Just as the regional commission on marijuana is in the Bahamas for public consultations this week, an influential Caribbean head of government is calling on governments to take cognizance of the global push to allow for possession of small amounts for personal use rather than fill jail houses with innocent youths across the region.
Gaston Browne of Antigua, likely to call general elections within a matter of weeks, came out swinging this week, suggesting that the time has come for Caricom governments to legalize and decriminalize small amounts for personal use.
“We should continue to follow the developments in Canada, in particular, which will legalize the use of marijuana come July 2018, and I believe there will be scope for CARICOM countries to follow Canada wholesale,” he said, noting that the region does not have to copy wholesale the laws in North America but could “take the aspects of laws and regulations that could apply to us here and help us to deal with what has been a very difficult issue.”
Four years ago, regional leaders established a commission on the positives of decriminalizing marijuana for personal and medicinal use but they are yet to make a final or collective decision on the way forward.
In the interim, the multi agency commission that leaders had appointed to guide them on this issue is continuing to organize and hold public consultations in member states with the Bahamas being the latest. Similar forums were held in Guyana and Suriname late last year.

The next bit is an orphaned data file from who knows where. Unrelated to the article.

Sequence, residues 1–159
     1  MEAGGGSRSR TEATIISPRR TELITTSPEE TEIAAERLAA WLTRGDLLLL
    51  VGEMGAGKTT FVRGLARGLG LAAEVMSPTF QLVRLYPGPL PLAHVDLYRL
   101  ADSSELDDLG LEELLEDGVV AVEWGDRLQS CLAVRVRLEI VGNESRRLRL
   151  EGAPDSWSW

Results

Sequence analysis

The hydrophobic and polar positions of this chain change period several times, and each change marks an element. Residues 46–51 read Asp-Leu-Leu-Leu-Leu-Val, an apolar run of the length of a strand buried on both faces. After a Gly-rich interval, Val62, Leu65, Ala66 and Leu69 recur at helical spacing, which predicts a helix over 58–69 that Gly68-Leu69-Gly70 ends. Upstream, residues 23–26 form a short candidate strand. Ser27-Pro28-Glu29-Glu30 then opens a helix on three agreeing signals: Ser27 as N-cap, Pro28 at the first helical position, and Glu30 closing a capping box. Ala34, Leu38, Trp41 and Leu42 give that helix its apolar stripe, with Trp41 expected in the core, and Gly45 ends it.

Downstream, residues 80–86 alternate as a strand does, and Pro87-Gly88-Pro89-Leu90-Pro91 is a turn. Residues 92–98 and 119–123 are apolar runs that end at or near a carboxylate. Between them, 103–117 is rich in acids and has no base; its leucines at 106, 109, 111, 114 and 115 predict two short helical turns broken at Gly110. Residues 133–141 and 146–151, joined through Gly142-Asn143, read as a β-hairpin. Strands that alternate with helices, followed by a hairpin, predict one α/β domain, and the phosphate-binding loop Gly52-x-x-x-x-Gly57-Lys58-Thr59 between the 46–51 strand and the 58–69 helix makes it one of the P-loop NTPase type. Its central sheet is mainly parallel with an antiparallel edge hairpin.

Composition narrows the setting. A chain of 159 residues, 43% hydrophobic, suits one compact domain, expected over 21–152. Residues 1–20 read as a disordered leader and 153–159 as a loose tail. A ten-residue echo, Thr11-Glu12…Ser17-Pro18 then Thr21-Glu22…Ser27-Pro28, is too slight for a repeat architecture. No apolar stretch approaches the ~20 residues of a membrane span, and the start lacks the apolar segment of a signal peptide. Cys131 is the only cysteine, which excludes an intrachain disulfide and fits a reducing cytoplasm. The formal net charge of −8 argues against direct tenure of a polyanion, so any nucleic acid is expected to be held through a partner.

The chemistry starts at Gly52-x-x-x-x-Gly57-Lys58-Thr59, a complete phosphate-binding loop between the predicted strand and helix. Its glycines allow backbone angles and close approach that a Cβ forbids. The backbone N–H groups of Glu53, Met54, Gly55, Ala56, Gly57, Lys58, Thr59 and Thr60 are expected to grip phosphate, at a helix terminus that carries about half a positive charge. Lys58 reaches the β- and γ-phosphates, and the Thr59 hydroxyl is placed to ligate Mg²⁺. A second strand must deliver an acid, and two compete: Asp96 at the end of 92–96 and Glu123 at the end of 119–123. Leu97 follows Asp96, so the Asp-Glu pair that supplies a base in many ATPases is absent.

But countries such as Jamaica and Belize are certainly not waiting on any collective decision. Both have moved separately to decriminalize. Jamaica allows for up to two ounces without criminal charges while Belize allow for possession of not more than 10 grams.
Just this week, Guyanese Attorney General Basil Williams ruled out Guyana joining Jamaica and Belize in freeing up possession of small amounts, pointing to a United Nations study which argues against such he said. Williams said that he recently noted a push in the United States to “retrieve the position on marijuana in the United States,” noting that Guyana is unlikely to follow nations which have modified their own stances on weed possession.
Browne argues that “jailing offenders has not worked and when you are doing something consistently and it does not work you fix it.” Criminal action against users only drives them underground and make it difficult for authorities to monitor.
He appealed to police officers not to go after personal users and appeared to signal that the local law could be amended if he wants another term.
“I want to signal to the members of the police force, in the interim, that they desist from incriminating individuals because the government has made its policy very clear. Even though the law has not been changed, they must at least respect the intent and to give those who use marijuana a break,” he stated.
Browne spoke on a recent radio program and many of those who called in were quick to dismiss his calls as a general election gimmick to win hearts and minds. They said they are also on the lookout for a reduction in gasoline prices and import taxes on electronic items, all to win votes.
The commission is mandated to enquire about the social, economic, health and legal issues linked to marijuana use in the region of 15 nations and as well, to recommend whether there should be a reclassification of marijuana as a narcotic. If so, it will be more accessible to people who need it for religious, personal, recreational, medical and research uses officials said.